The District Court of The Hague has rejected Novartis' application for a preliminary injunction, meaning Mylan can market its generic drug containing fingolimod in the Netherlands. The EPO's Technical Boards of Appeal had recently cleared the way for the granting of the patent-in-suit.
26 April 2022 by Konstanze Richter
Second medical use patent EP 29 59 894 pertains to a 0.5mg per day dosage of active ingredient fingolimod, which forms the basis of Novartis’ drug Gilenya. The product is used to treat relapsing-remitting multiple sclerosis. The extended market exclusivity for Gilenya ended on 22 March 2022.
As such, in March, Mylan listed its own fingolimod product in the price list of G-Standaard, the Dutch database for drugs. The company intended to launch its generic product directly after market exclusivity of the original drug ended.
However, Novartis attempted to stop the market entry of the generic product by applying for a preliminary injunction at the District Court of The Hague, arguing that Mylan is infringing EP 894. Novartis filed the divisional patent in 2015, but in November 2020 the EPO’s Examining Division refused to grant it based on lack of novelty. The company appealed against this decision.
In February 2022, the Technical Boards of Appeal overruled the original decision. This gave the green light for the patent to be granted. In doing so, the TBA also defined the exact claims with which the Examining Division should grant the patent.
Months can pass before the granting process is complete, meaning a wait until the EPO finally grants the patent. Only after it is granted will the patent be officially valid. Thus, Mylan can use this interim period to market its product in the Netherlands. To prevent this, Novartis claimed an injunction based on unlawful acts by Mylan for the period prior to the grant and on patent infringement from the moment EP 894 is in force.
But the District Court of The Hague has now rejected the request for a PI with regard to the allegation of unlawful acts. According to the presiding judge, entering the market prior to the granting of a patent is not unlawful. The Dutch Patent Act provides for compensation in the event that a competitor markets a product that infringes the patent between publication of a patent application and publication of the grant.
Novartis argued that, in the current case, the exact patent claims as defined by the Technical Boards were known. This means the grant was a done deal. The pharma originator appealed against the decision. Parties expect the Dutch Court of Appeal to rule in mid-May.
On the issue of post-grant infringement, the first-instance court has postponed the hearing until mid-May. Until then, Mylan has time to formulate its arguments regarding validity. Novartis has launched further PI proceedings in Belgium, Italy and the UK. Proceedings are also ongoing in other countries, such as Spain and Finland.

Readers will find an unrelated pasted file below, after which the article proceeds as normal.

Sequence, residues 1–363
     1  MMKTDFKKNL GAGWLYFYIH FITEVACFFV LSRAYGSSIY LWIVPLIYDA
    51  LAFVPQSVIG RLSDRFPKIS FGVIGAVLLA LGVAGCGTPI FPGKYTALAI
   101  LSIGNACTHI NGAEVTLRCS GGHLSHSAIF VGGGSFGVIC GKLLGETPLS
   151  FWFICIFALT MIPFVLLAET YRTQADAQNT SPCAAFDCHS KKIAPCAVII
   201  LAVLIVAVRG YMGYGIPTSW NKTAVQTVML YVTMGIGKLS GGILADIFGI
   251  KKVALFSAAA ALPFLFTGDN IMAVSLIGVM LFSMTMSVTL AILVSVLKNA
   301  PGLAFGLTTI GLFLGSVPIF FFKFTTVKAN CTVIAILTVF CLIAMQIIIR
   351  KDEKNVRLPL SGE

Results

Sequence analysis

Freshfields Bruckhaus Deringer has excellent relations with Novartis in Germany and in the Netherlands, thanks to partners Frank-Erich Hufnagel and Rutger Kleemans. The innovator is one of the European patent team’s most important regular clients. The Dutch team also represented the pharma company in the high-profile cross-border PI proceedings against Mylan.
The appeal before the Technical Boards of Appeal was led by Ter Meer Steinmeister, which is among Novartis’ regular patent counsel. In addition to EPO opposition proceedings, the team assists Novartis in Germany alongside lawyers in infringement proceedings.
For example, the firm acted most recently alongside Freshfields in a dispute against Zentiva and Aliud Pharma over a patent for Afinitor.
National full-service firm BarentsKrans has acted for Mylan for more than 20 years. It regularly represents the generic drug manufacturer in the Netherlands, with its patent litigation team well known for pharmaceutical disputes. Mostly, it works with generic drugs companies.
However, litigation partners Jaap Bremer and Marleen van den Horst also conduct advisory work for originator manufacturers.
Freshfields Bruckhaus Deringer (Amsterdam): Rutger Kleemans, Jelle Drok; associate: Auke-Frank Tadema (market knowledge)
BarentsKrans (The Hague): Jaap Bremer, Marleen van den Horst; associates: Allard van Duijn, Maxim Ijsebrands
District Court of The Hague, the Netherlands
Freyke Bus (presiding judge)
Court of Appeal in The Hague, the Netherlands
Rian Kalden (chairperson)
Update 5.11.2022: The Court of Appeal in The Hague has now upheld the first-instance ruling and dismissed the motion for a preliminary injunction. Like the District Court, the second-instance judges found that EP 894 – which, in the meantime, the EPO had officially granted – would likely be revoked in a nullity suit (case ID: 200.313.064/01).
In a provisional decision from June 2022, the District Court of The Hague had already questioned the validity of EP 894 (case ID: C/09/625743 / KG ZA 22-195). The Court of Appeal now followed this judgment on the basis of added matter.
As previously noted, the EPO granted the patent in September. A little later, a total of six opponents, including Teva and Zentiva, as well as UK Mylan subsidiary Generics, filed an opposition against the granting.
JUVE Patent updated this article on 07.11.2022 to reflect the latest development in the Court of Appeal The Hague.